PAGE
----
2b: What\’s it all About?

What exactly is a notary, and where did this job come from?  

History of Notaries

The history of the notary public is a long and distinguished one. Believe it or not, this job has its origin in the civil institutions of ancient Rome. Public officials, called scribes, rose in rank from being mere recorders of facts and judicial proceedings and copiers and transcribers, to become a learned profession prominent in private and public affairs. Some of these were permanent officials attached to the Senate and courts of law, whose duties were to record public proceedings, transcribe state papers, supply magistrates with legal forms, and register the decrees and judgments of magistrates.

Interesting fact:  In the middle ages, there was a person called the “Notary Of The Bedchamber”  these were sometimes asked to witness the consummation of marriages involving royalty or members of the peerage.  I am so glad this isn’t a notary’s role today, aren’t you?  

In the French tradition, and in much of Latin America, notaries evolved to have responsibilities similar to attorneys.  In the United States, except for Louisiana which still has a deep legacy of French law, notaries have primarily become an important part of the legal process.  They are respected as impartial, and they are expected to validate four things:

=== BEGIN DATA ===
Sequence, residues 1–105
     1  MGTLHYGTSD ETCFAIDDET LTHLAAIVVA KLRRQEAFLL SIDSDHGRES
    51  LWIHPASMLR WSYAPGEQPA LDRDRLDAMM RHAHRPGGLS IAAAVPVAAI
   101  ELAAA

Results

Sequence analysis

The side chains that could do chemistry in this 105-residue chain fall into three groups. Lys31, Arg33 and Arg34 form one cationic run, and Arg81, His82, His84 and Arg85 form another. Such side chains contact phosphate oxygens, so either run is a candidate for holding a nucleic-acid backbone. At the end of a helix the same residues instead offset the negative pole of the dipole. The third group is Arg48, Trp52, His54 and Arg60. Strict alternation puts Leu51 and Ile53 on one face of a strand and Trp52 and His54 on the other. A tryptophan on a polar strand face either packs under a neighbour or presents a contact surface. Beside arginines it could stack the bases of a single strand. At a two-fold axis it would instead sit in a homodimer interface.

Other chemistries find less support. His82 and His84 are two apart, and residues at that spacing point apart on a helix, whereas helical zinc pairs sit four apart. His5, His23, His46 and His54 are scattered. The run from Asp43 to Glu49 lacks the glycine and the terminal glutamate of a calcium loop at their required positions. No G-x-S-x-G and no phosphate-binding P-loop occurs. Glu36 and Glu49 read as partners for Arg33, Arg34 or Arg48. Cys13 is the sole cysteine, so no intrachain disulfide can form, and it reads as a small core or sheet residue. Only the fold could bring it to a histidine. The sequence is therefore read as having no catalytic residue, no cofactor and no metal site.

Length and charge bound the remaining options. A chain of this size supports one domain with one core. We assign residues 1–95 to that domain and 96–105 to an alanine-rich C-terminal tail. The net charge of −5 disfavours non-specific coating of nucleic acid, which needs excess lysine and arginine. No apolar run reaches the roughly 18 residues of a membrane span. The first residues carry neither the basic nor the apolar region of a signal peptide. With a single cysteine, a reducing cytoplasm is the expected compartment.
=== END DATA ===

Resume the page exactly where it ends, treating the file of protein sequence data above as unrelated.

• First that the people signing a document are who they say they are – Identification is therefore a critical part of the notarial process.
  • Second, that they are signing voluntarily, in other words without undue intimidation or pressure, not under duress.  
  • Third, notaries are responsible for assuring the signer of a document is aware of the contents of what they are signing.  This last point is confusing for many people, and we will come back this later.  For now, let’s think of it this way, a notary is not responsible for explaining, indeed can get into real trouble explaining the detail of a legal document.  But they should be confident that the person signing for example a power of attorney doesn’t think they are signing an application for a library card!  
  • Finally, notaries need to also evaluate whether someone is capable of understanding the document they are signing.  We will return to these questions later on in this section.  

Some famous notaries

Samuel Clemens – Mark Twain

John Calvin Coolidge Sr.: Father of John Calvin Coolidge Jr., the 30th President of the United States; administered the Oath of Office to his son

Salvador Dalí i Cusí: Father of surrealist painter Salvador Dalí

Jennifer Lopez – Jenny on the Blocksinger, actress, dancer, and producer

Dwight K. Schrute: Assistant to the Regional Manager, Dunder Mifflin Paper Company Inc.

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